As for the rest of the catalog, Linda Nochlin’s contribution, “Impressionist Portraits and the Construction of Modern Identity,” was apparently intended to situate Renoir in his generation; but it so thoroughly concentrates on Degas that it perpetuates the current subordination among art historians of Renoir’s work to Degas’s. Anne Distel’s essay, “Léon Clapisson: Patron and Collector,” provides a detailed and fresh account of one of Renoir’s patrons, but like Bailey’s footnotes, it is mainly of interest to the specialist, not the general reader or exhibition visitor.
These essays are a reminder that a contemporary exhibition catalog is not quite a book. It is a curious phenomenon, a literary centaur that at first was tied to a particular exhibition and subsequently came to be treated as an autonomous publication. Before the 1950s, most exhibitions provided visitors with a pamphlet that included a prefatory essay, a simple list of the works on display, and an illustration or two. In a few cases, a “memorial catalog” would follow the exhibition, containing illustrations and essays or commentaries on some of the paintings by writers who had seen the show.
Several circumstances led to a gradual increase in the size and scope of catalogs of major exhibitions after World War II: rapidly expanding art history courses in colleges and universities, increased public attendance at art events, lower costs of color reproduction, and the wish of museums to take advantage of the greatly expanded market for art books. The Ottawa catalog is typical. Lavish color illustrations make it into a splendid- looking commodity; major works not available for the exhibition are discussed in an introduction to round out the subject; scholars are invited to contribute essays; entries for each exhibited work become mini-essays that would be out of place in a book.
Amid all its plenitude, the Ottawa catalog does not deal adequately with the broader issues raised by the very paintings it describes. It does not consider the possibility, for example, that Renoir may have had a popular touch because he was the only major Impressionist from the artisan class. The son of a tailor and a seamstress, he worked in a porcelain factory between the ages of thirteen and seventeen. New mechanical methods of applying patterns to ceramics lost him his job and gave him a lifelong hatred of industrial production. He earned enough from painting shop signs and the like to permit him to study intermittently at the Ecole des Beaux-Arts from 1862 to 1864, but this training in the fine arts did not make him forget his modest origins.
In contrast to the ambitious Monet, Renoir did not aspire to be a member of the upper middle class. Until the turn of the century he lived in working-class districts in Paris, a landless artisan like many of his neighbors. He only acquired property reluctantly at age fifty-four, when he bought a house in Essoyes, his wife’s native village, and he was sixty-six when he bought another, at Cagnes, on the Mediterranean coast. It is true that he lived well from the late Eighties onward, but he maintained a very simply furnished household with unfinished wood furniture, and avoided everything that smacked of upper-class refinement.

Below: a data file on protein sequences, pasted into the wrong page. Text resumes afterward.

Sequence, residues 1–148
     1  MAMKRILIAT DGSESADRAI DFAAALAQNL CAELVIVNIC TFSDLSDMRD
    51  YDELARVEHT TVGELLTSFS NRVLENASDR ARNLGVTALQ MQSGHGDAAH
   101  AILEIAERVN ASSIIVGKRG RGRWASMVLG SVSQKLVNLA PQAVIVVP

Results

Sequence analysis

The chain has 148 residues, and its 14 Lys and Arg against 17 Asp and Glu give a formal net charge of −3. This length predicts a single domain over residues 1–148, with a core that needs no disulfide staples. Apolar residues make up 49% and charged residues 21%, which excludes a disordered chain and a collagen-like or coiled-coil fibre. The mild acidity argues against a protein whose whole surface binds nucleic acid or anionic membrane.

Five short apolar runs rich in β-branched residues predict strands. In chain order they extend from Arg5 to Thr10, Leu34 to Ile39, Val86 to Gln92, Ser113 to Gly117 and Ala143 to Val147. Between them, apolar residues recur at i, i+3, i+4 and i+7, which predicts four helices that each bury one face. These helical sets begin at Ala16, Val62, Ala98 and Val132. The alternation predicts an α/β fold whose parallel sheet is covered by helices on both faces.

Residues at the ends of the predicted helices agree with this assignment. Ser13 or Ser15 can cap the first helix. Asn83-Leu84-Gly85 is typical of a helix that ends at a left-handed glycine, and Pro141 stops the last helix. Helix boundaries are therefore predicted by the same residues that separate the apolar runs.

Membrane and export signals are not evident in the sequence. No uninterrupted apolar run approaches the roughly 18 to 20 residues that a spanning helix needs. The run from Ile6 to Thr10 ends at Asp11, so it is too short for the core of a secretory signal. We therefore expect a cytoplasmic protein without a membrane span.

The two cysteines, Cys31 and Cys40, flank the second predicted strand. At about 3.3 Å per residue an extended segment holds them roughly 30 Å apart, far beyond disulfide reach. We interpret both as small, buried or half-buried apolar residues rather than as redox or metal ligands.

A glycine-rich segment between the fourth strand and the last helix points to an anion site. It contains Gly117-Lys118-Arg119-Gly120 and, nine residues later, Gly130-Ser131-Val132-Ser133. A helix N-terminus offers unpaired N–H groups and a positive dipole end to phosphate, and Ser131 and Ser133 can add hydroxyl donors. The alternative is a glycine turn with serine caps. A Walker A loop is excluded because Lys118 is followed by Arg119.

By then Renoir was fairly prosperous, so his insistence on an unadorned way of life might seem hypocritical. Yet his cultivation of his artisanal origins suited his belief that although material riches are appropriate for the wealthy, and would be everyone’s lot in an ideal society, in the materialistic world of nineteenth-century Paris they were incompatible with the life of a craftsman. At times he seems like the street boy who presses his nose against the windows of the rich while being proud of his own independence of such people. Yet he was aware that he was, in his painting, creating an idealized world, far removed from the present, and therefore utterly unlike the sometimes harsh account of modern life to be found in the work of Manet and Degas. He hated Manet’s chic and fascination with elegance, and to the upper-class fashion model that Manet painted he preferred a Montmartre seamstress who could use a few pennies’ worth of ribbon to transform her cheap dress into something worth painting. In such pictures one can see a genuine celebration of popular taste, so different from the elegance of Manet, which appeals more to art historians.
His writings (known to specialists but largely ignored) are full of praise for craftsmen as distinct from elite artists, and they disclose a lifelong Ruskinian passion for the arts and crafts. He expressed despair over the absence of creative architecture and decoration in his own time, which he felt was debased by eclectic repetition of vaguely Renaissance design, and he lamented the decline of handcrafts in face of machine production, the degradation of the worker, and the soulless rationalism of modern industry.
We must insist that it is the totality of the work left by numerous forgotten or unknown artists which makes a country’s greatness, and not the original work of a man of genius.
Machinism, the division of labor, have transformed the worker into a simple automaton and have killed the joy of working. In the factory, the worker, tied to a machine which asks nothing of his brain, sadly accomplishes a monotonous task of which he feels only the fatigue.6